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EDITIONS
Tuesday, 4 June, 2002, 15:36 GMT 16:36 UK
Channel Islands to target tax evaders
Gordon Brown in Brussels on 4 June 2002
Mr Brown hopes to rein in the Isle of Man soon
Guernsey and Jersey in the Channel Islands have agreed to cooperate with a European Union-led clampdown on tax evasion, according to UK Chancellor Gordon Brown.

The offshore bank centres have vowed to introduce laws that will pave the way for the exchange of information about EU citizens' savings.


Those who are not prepared to introduce (exchange of information) will find themselves increasingly isolated against the growing consensus of the international community

Gordon Brown
UK Chancellor
"Jersey and Guernsey have agreed to pursue the same policy being followed by the other 15 member states of the EU," Mr Brown said.

The islands have responded to threats of sanctions if they had refused to improve transparency.

"A year ago a lot of people would have said that was impossible as the dependent territories were thought to be most resistant," Mr Brown said.

So far, efforts to convince the Isle of Man to follow suit have failed, but "good progress" is being made, he said.

Holding back

The UK badly needed to get the territories on board, to help head off the risk of an EU-wide withholding tax on savings by non-residents.

That, the UK government feared, could harm London's lucrative international bond market.

The compromise EU members reached two years ago committed them to improving the transparency of their savings and tax systems.

Combined with efforts to open up tax havens, the intention is to make it easier to tax EU citizens who keep their savings outside their home country.

International information sharing

In February this year, Guernsey and Jersey signed up to an international programme to block tax evasion.

The Caribbean countries of Grenada and St Vincent & the Grenadines also agreed to come on board.

The agreement, under the auspices of the Organisation for Economic Co-operation and Development (OECD), meant they committed to sharing information about suspected tax evasion and improving the transparency of their regulatory systems.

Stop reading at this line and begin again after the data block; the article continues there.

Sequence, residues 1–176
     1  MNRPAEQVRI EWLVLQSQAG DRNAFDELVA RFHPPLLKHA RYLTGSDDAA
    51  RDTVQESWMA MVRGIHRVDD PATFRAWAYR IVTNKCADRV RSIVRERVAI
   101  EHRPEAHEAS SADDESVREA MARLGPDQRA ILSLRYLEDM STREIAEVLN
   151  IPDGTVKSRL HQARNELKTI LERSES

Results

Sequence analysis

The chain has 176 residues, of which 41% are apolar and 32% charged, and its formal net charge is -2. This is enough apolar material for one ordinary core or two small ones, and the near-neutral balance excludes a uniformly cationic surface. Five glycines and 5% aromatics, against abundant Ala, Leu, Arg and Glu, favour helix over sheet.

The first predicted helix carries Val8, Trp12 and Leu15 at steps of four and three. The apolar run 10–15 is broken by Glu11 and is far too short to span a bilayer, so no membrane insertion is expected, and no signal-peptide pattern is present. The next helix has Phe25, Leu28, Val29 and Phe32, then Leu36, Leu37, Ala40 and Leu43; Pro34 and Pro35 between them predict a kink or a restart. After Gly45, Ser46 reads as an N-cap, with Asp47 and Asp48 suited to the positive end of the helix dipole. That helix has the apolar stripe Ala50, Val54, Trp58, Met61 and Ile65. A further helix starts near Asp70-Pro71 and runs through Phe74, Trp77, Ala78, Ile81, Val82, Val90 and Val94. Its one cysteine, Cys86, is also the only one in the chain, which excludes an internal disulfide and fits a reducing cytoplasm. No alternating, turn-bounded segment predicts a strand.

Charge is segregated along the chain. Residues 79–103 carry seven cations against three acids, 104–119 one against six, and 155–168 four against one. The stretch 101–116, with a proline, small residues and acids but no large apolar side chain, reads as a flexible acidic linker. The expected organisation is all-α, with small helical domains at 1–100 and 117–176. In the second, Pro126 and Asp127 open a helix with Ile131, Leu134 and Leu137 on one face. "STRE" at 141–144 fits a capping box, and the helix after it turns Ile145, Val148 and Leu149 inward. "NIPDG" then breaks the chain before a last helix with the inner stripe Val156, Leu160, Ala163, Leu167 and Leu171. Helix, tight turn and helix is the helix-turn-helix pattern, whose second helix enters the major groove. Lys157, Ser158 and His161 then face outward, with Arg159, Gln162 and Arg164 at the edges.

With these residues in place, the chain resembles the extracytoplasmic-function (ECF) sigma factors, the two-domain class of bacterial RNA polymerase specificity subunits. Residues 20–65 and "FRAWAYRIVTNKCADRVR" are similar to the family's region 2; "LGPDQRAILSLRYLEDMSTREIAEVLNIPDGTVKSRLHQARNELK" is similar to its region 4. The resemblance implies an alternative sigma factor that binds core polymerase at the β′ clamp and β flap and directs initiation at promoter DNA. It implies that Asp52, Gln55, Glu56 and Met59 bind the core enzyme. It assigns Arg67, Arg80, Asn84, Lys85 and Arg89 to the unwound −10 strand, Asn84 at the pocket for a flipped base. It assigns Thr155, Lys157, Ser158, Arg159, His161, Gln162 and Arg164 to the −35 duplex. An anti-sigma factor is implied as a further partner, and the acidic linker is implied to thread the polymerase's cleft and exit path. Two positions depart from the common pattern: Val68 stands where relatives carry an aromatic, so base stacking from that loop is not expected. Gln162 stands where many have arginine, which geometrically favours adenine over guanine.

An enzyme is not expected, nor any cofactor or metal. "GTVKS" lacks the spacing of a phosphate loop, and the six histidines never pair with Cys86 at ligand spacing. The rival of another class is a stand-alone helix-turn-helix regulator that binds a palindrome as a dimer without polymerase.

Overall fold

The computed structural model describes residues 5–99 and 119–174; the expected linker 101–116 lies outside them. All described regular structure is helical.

Ahead of signing up, both Jersey and Guernsey had been scathing about the programme, in private calling it an attempt to remove competition from major banking centres.

And like the Isle of Man, have made their commitments dependent on a promise that any state, OECD member or not, which does not sign up in full will be subject to what the OECD calls "defensive measures" - in other words, targeted sanctions.

Reluctant tax havens

The EU has worked for years to convince other financial centres to agree to share information.

These include the United States, as well as Switzerland, Andorra, Monaco, Lichtenstein and San Marino.

EU member state Luxembourg has refused to share information until competing centres such as Switzerland, Andorra, Monaco, Lichtenstein and San Marino, as well as the United States, do the same.

And Switzerland has also abstained from the OECD's efforts, a situation which - along with the reluctance of seven small non-OECD states to sign up - brought a warning from the Chancellor.

"Those who are not prepared to introduce (exchange of information) will find themselves increasingly isolated against the growing consensus of the international community," he said.

See also:

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